Your manager has asked you to work on a project, set the criteria, given you the deadline but doesn’t ask for your input. Your antennae starts to go up when you hear him say “and this should take you no time at all.” He is obviously clueless as to what you already have on your plate and meeting this deadline will push you over the edge. Why do managers have such unrealistic expectations?
Estimating how long something will take is actually something that we all have in common.We are all not so spot on when it comes to estimating the time it actually takes to complete a task. Psychologists refer to this as the planning fallacy. Studies show that the planning fallacy can be attributed to several different biases we have when estimating how long it will take to do just about anything.
First, we routinely fail to consider our own past experiences while planning. It is a good bet that your manager probably undertook a similar task way back when and is just not taking that into account. It is also possible that your manager is ignoring a very real possibility that things might not go as planned.More than anything he probably isn’t considering all the steps and stakeholders that might make up the task, and consider how long each part of the task will take.
We are all prone to this planning fallacy to some extent. People in positions of power tend to focus us on getting what they want and ignoring the potential obstacles that could stand in your way. A recent set of studies by Mario Weick and Ana Guinote shows that such a narrow focus does indeed turn powerful people into very poor planners. In one study, half of the student participants were made to feel powerful (by being told that their opinion would influence the course requirements established for incoming students). Next, all students were asked to estimate when they would finish an upcoming major assignment. Everyone was overly-optimistic, but powerful students were significantly more so. Powerful students estimated that they would finish their assignments 2.5 days before they actually did, while the control group was on average only 1.5 days late. So feeling powerful makes you think you’ll take a whole day less to complete the assignment than you would have guessed had you been feeling a little more ordinary.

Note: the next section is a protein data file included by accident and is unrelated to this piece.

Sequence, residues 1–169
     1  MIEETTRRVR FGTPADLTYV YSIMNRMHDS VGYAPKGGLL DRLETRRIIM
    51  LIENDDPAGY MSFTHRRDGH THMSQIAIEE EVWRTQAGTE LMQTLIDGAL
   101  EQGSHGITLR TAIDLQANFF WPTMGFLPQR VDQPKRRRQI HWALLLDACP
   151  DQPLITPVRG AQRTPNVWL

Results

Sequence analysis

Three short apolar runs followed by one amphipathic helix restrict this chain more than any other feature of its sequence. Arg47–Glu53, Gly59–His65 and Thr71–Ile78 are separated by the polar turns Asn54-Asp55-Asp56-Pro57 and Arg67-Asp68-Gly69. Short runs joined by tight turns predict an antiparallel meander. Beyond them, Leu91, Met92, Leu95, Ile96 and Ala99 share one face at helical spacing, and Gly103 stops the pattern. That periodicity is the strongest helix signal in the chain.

So is you Manager feeling powerful,or could it be something else? Are you sure that they are being unreasonable in asking you to complete x in that amount of time? Maybe your Manager does know better. Could it be possible that he is pushing you to stretch beyond your comfort zone to help you develop new skills. Is this push to do more making you overwhelmed? If that’s the case then the instant you suspect your boss is overestimating your capacity to get the job done, speak up. It will not be considered an admission of failure. Begin by writing down everything that’s on your plate, with particular emphasis on the demands you think are unreasonable. Stop and think through why you’re feeling challenged to get things done.
An obvious stress factor might be time, because your Manager gave you the assignment on Monday, it’s due on Friday, and you don’t have enough time. But what’s preventing you from prioritizing this in order to meet the deadline?
Does your Manager even know what else you have on your plate? Underline everything you’re working on that will be impacted by this deadline and be sure to list who else is involved. Having a detailed timeline of what you’re already working will help you to see your workload in its entirety. Speak up and present this list and it’s impact to your Manager.
Make certain that you have a list of possible alternatives to bring up to your Manager. It could be as simple as negotiating to extend the deadline on another project you are working on or delegating.
Taking the initiative to prepare for a constructive discussion about why they might be expecting a bit too much from you is a good step and will be important for you to understand your Manager’s meaning of success and expectations. Work with them to understand why they think the deadline should be this particular way, and get on the same wavelength and that should take you no time at all.